Metal health drives Judge Brett Cullum mad.
Our review of Asylum, published July 15th, 2008, is also available.
"Working with the mentally disturbed can cause a breakdown."—Dr. Martin
Asylum is an entertaining horror anthology from the vaults of Amicus Productions, who notably produced "B" gothic thrillers with "A" actors during the '60s and '70s. Think of them as a multiple story counterpart to Hammer Horror with an all-star cast, and you're headed in the right direction. The company was founded by two men in 1954: Max J. Rosenberg provided funding while Milton Subotsky came up with many of the ideas. Asylum is structured much in the same way as the company's other anthology classics such as Tales From the Crypt and Vault of Horror. It has an ingenious framing device which anchors four mini-movies where the bizarre and horrifying unfold at a fast and furious pace. The cast is remarkable, even if the production seems slightly cheap and rushed. There is a lot to love here, and DarkSky films has provided a robust DVD to support the film.
Dr. Martin (Robert Powell, Tommy) is a young psychiatrist who has come to Dunsmoor Asylum for the Incurably Insane to apply for a position as the senior houseman. He expects to be interviewed by the asylum's director Dr. Starr, but is instead greeted by Dr. Rutherford (Patrick Magee, A Clockwork Orange) who informs him the doctor has suffered a breakdown and is now one of the inmates in the bowels of the asylum. He tells Martin he can have the position if he can interview four patients, and deduce who Dr. Starr is. Thus we have the setup for four tales of the macabre, and a central mystery to up the tension as each story unfolds.
The real fun of this feature is the amount of cinematic legends that pop up to play in the Asylum. Robert Bloch (author of Psycho) helped adapt the script from several of his short stories. There are appearances by horror legend Peter Cushing (The Satanic Rites of Dracula), Britt Ekland (The Wicker Man), Barbara Parkins (Valley of the Dolls), Hebert Lom (Chief Inspector Dreyfus from The Pink Panther series), and Charlotte Rampling (The Night Porter). these master thespians hack each other to bits, run screaming in to the night, go completely insane, and control psychotic dolls makes the proceedings so damn fun.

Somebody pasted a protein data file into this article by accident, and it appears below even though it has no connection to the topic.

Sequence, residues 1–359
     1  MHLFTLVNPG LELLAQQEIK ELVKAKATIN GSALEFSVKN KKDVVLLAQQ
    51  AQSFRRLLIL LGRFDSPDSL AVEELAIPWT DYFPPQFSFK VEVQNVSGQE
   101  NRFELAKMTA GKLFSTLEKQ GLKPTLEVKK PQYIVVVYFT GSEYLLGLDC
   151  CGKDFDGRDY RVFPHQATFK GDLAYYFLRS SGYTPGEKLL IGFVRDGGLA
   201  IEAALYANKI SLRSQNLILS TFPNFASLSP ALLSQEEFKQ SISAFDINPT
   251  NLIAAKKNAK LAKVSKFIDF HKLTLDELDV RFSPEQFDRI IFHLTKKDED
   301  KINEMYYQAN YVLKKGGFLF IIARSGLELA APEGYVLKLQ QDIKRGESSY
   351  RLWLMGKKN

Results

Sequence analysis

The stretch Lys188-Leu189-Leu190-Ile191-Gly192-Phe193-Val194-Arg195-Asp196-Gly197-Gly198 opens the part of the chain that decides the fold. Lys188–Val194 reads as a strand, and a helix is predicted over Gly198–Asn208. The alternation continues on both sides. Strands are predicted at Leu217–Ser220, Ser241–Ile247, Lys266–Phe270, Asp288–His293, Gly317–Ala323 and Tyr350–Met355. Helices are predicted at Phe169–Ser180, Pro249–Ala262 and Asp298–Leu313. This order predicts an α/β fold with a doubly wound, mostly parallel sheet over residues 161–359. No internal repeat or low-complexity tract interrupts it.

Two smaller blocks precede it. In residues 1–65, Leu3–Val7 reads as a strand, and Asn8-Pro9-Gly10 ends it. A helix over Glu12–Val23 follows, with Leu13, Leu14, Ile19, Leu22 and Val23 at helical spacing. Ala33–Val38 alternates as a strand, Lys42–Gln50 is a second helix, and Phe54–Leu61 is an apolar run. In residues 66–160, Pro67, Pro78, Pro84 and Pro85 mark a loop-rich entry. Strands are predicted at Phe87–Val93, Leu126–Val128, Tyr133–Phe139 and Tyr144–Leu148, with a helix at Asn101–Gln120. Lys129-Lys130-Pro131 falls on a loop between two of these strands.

Dark Sky Films is a new "horror" label for MPI, and they produce a stunning, well-thought-out DVD package. I'll admit the scratchy, grainy print has seen better days, and the sound isn't going to melt anyone's speakers with it's monaural mix, but the extras are worth dying for. First up is the insightful and chatty commentary with director Roy Ward Baker (a Hammer Horror legend in his own right), cameraman Neil Binney (no stranger to the Hammer studio himself), and a moderator to keep things moving. Also included is a Blue Underground-produced featurette about Amicus productions featuring its two feuding founders. They speak to the history of the film company with only passing mentions of Asylum, but it is a priceless slice of history given by two men who couldn't disagree more about how things transpired. The only disappointment about the featurette is that it's an abbreviated version of the one seen on an Region Two Anchor Bay Amicus set. It skips any mention of two titles that are not part of "The Amicus Collection" in Region One. Beyond these meaty features are still galleries, cast biographies, theatrical trailers, and a nice set of liner notes in the inside booklet. All in all this is a magical package for fans of the film and eccentric horror buffs.
Asylum is plain and simple frightening fun in the same vein as late night anthology shows, comics of the Warren or EC variety, or HBO series like Tales From the Crypt or The Hitchhiker. This approach has been around since the invention of entertainment, but it works every single time. If you love Trilogy of Terror, Asylum should be your next visit on DVD. It features a great cast, amusingly inventive stories, and a great wrap around plot to hang everything on.
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Scales of Justice
Studio: Dark Sky Films
• Commentary by Director Roy Ward Baker and Cameraman Neil Binney
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